As I have written before, I am an avid reader of La Gaceta, the tri-lingual newspaper published by Patrick Manteiga, whose columns are always chock full of interesting tidbits. But if the newspaper has one drawback, it’s that it is put out just once a week without a fully-functioning website on which stories could be updated.
Like this week’s “As We Heard It” column from Manteiga, in which Manteiga writes about the “death” of a bill that gives Hillsborough County agencies the choice to opt out of the 63-year-old Civil Service Board.
“State Senator Arthenia Joyner is our hero. We’ve fought over the years to prevent county government and agencies from having the ability to opt out of Civil Service and the protection it’s offered to government workers and the county’s citizens for the last 60 years.
“The bill that would led to Civil Service’s death was single-handed killed by Senator Joyner.
“We know the end of Civil Service would have led to friends of elected officials getting the best jobs and the highest pay. Civil Service has been a check on the human nature of elected officials to help the ones they know and give jobs to less-than-apt nieces and nephews of large campaign contributors.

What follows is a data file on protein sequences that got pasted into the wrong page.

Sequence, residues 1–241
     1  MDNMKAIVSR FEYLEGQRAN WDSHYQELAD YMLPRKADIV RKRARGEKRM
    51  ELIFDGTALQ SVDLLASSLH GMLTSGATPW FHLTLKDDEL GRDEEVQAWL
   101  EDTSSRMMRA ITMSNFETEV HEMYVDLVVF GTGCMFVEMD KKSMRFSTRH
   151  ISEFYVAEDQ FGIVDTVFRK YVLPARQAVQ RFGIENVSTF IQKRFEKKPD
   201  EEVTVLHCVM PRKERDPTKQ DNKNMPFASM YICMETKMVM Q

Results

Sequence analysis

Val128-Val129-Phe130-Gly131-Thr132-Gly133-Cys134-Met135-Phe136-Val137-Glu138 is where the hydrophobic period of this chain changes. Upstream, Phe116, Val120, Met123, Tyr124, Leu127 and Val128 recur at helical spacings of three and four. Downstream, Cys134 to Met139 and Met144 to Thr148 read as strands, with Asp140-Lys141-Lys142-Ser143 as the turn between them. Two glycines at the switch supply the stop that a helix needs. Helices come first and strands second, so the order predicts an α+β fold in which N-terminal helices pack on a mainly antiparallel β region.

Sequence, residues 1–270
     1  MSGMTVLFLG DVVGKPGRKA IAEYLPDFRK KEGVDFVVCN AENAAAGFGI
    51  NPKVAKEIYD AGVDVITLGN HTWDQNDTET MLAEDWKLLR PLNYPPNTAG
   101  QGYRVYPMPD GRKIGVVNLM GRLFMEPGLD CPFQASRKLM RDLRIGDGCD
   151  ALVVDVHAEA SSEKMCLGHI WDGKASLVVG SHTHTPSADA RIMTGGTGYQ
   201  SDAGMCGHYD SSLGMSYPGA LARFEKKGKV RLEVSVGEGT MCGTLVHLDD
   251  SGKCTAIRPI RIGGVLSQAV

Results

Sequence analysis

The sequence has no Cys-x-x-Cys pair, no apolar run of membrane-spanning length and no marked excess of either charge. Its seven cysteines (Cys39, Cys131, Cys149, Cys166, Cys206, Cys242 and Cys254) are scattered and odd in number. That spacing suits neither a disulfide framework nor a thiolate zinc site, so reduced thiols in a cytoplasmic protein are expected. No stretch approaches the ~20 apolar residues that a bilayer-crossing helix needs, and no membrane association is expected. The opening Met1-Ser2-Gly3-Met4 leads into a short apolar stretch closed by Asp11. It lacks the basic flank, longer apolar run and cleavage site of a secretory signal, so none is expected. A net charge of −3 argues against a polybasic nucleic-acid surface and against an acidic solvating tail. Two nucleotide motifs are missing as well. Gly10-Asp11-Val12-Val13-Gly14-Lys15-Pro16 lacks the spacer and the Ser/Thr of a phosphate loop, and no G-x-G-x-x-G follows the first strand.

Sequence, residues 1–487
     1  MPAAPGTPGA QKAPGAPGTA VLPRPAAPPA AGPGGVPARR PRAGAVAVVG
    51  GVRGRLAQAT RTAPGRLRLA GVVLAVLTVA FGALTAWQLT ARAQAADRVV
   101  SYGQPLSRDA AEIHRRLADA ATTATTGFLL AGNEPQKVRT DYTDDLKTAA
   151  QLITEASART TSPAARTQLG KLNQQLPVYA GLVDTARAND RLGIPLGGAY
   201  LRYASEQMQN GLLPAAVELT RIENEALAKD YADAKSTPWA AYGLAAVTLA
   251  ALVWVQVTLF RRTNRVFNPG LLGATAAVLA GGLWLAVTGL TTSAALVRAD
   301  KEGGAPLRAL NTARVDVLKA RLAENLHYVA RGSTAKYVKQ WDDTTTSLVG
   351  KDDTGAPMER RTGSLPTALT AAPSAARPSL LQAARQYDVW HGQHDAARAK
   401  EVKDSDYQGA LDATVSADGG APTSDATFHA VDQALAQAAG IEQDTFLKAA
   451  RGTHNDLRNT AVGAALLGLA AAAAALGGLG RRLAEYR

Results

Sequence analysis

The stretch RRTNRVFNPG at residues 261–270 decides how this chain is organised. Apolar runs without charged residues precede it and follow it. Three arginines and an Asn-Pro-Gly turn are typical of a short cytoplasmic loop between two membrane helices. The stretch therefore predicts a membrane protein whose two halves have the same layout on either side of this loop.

“This would also hurt qualified Blacks and Hispanics seeking government employment.
“Joyner remembers patronage systems of the past and knows it still happens when government jobs aren’t under Civil Service purview.
“Once again, we salute Arthenia Joyner.”
That was on the front page of the edition of La Gaceta delivered to my house on Friday. However, by Friday night, Manteiga’s column was no longer accurate.
Despite protests from Sen. Joyner, the Senate passed a proposal 27-10 that, in effect, kills Civil Service. The bill had overwhelmingly passed the House on a 105-3 vote, including support from the Hillsborough delegation, such as Tampa Democratic Reps. Mark Danish and Janet Cruz, as well as Rep. Darryl Rouson.
Manteiga’s reporting was old news. And it has stay old news until the next edition ofLa Gaceta is published on Thursday.
Blogs like this one are often criticized for being too fast with their pronouncements. Well, the opposite is sometimes true for newspapers that end up being lapped by the events of the day.